A new survey by Piper Jaffray released this week said that more than one third of U.S. consumers looking to buy a smartphone within the next three months would buy an iPhone. While that percentage seems good on the surface, should Apple (NASDAQ:AAPL) investors be pleased with that? Not exactly, but in the end it may not matter much anyway.
Moving in the wrong direction
The survey is one the investment firm does on a regular basis and consists of more than 1,000 potential smartphone buyers. Here's how the percentages have changed since the iPhone 5s debuted:
We see that since the iPhone 5s release, demand for the device, according to this survey, has dropped from 38% of potential U.S. smartphone buyers to 29%, and demand for the 5c has gone from 12% to just 5%. All in all, we've gone from a potential demand of 50% to 34%.
Having more consumer demand is obviously better than having less, but these numbers don't paint the entire picture.
Does this even matter?
There are few things to point out from this data. The first being that the Apple's iPhone debuted in September of last year, while its top competitor, the Samsung Galaxy S5, came to market in April of this year. That's clearly going to hurt some of the iPhone demand considering that Samsung makes great devices that are comparable to the iPhone, and even better in some aspects.
In addition to this, the survey only covered the iPhone 5s and 5c, not the 4S or any inquiry about consumers wanting a new, bigger iPhone 6. So what we have is a snapshot of potential demand over the next three months for two of Apple's models -- and not much more.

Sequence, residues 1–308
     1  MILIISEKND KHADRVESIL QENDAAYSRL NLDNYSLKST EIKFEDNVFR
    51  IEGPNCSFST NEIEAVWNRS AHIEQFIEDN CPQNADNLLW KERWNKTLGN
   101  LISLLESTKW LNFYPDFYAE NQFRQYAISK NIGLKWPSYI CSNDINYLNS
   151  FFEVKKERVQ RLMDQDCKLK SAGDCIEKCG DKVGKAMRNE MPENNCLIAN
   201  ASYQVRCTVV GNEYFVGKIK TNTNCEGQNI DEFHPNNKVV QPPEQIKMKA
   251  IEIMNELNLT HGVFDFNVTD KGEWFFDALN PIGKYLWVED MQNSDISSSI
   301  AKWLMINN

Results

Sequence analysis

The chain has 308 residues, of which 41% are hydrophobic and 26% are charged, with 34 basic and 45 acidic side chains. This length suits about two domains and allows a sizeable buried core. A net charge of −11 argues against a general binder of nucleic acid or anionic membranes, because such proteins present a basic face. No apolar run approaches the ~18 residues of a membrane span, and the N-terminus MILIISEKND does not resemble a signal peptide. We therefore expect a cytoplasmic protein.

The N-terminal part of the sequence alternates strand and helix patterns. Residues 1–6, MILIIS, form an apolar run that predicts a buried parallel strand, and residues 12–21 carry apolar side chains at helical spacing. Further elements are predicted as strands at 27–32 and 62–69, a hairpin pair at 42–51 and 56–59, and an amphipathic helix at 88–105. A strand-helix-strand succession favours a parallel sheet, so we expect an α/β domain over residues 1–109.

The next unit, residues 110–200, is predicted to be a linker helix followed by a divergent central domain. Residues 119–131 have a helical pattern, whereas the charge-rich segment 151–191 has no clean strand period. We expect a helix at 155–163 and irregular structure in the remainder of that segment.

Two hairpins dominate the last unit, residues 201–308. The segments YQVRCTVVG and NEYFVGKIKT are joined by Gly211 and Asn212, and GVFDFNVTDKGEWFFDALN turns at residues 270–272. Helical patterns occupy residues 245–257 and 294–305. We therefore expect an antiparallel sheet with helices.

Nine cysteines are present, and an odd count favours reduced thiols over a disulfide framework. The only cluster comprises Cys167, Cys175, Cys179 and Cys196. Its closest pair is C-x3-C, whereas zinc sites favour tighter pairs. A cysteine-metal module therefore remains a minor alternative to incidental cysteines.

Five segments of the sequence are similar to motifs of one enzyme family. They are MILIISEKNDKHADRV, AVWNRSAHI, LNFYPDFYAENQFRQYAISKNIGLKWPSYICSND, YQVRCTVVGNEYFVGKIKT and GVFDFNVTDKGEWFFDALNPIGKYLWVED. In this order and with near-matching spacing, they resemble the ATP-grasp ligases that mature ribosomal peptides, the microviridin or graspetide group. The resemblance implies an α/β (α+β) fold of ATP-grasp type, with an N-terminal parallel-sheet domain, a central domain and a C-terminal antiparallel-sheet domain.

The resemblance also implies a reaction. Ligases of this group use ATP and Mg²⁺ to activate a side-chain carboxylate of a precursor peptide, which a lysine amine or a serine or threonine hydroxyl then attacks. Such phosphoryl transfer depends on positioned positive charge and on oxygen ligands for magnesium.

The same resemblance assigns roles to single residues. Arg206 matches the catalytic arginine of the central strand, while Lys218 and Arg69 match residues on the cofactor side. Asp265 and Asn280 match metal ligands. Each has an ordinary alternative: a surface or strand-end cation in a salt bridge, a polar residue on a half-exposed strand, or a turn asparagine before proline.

This is helpful in assessing the current demand trend for the iPhone, but it's not great at forecasting the overall demand for iPhones. The data is neither accounting for the factors we just mentioned, nor is it taking into account the historical up and down trends of iPhone sales over the course of a year.
Apple is coming off a very strong iPhone quarter, selling nearly 44 million units in fiscal Q2. So any slight decrease the survey showed during the first three months of this year didn't really affect Apple when we consider actual sales. While the survey shows demand for the 5s is still relatively strong, the real question is whether or not consumers will hold off on buying the 5s or the 5c as they anticipate a newer iPhone.
Over the past two years, Apple's fiscal Q3 and Q4 – which proceed the iPhone's usual fall launch -- have experienced the lowest iPhone sales.
Check out the fiscal Q3 and Q4 drops in 2012 and 2013 in the cart below:
If the past two years are any indicator, investors will see a drop in iPhone sales over the next two quarters, followed by a huge uptick in the fiscal fourth quarter when the new iPhone goes on sale. So while the intent to buy an iPhone is probably waning, it's pretty much on par with the iPhone's current purchase cycle. And it certainly isn't any indicator of well a new iPhone 6 may or may not do in the fiscal fourth quarter.
Admittedly, looking at previous quarterly iPhone sales doesn't mean future quarters will follow suite. But they are a better indicator than survey results, considering that they take into account actual iPhone sales, release date schedules, and holiday sales. So investors worrying that iPhone demand isn't as high as it was in the fall of last year likely need to wait a few more months to see that demand surface once again.
Chris Neiger has no position in any stocks mentioned. The Motley Fool recommends Apple. The Motley Fool owns shares of Apple. Try any of our Foolish newsletter services free for 30 days. We Fools may not all hold the same opinions, but we all believe that considering a diverse range of insights makes us better investors. The Motley Fool has a disclosure policy.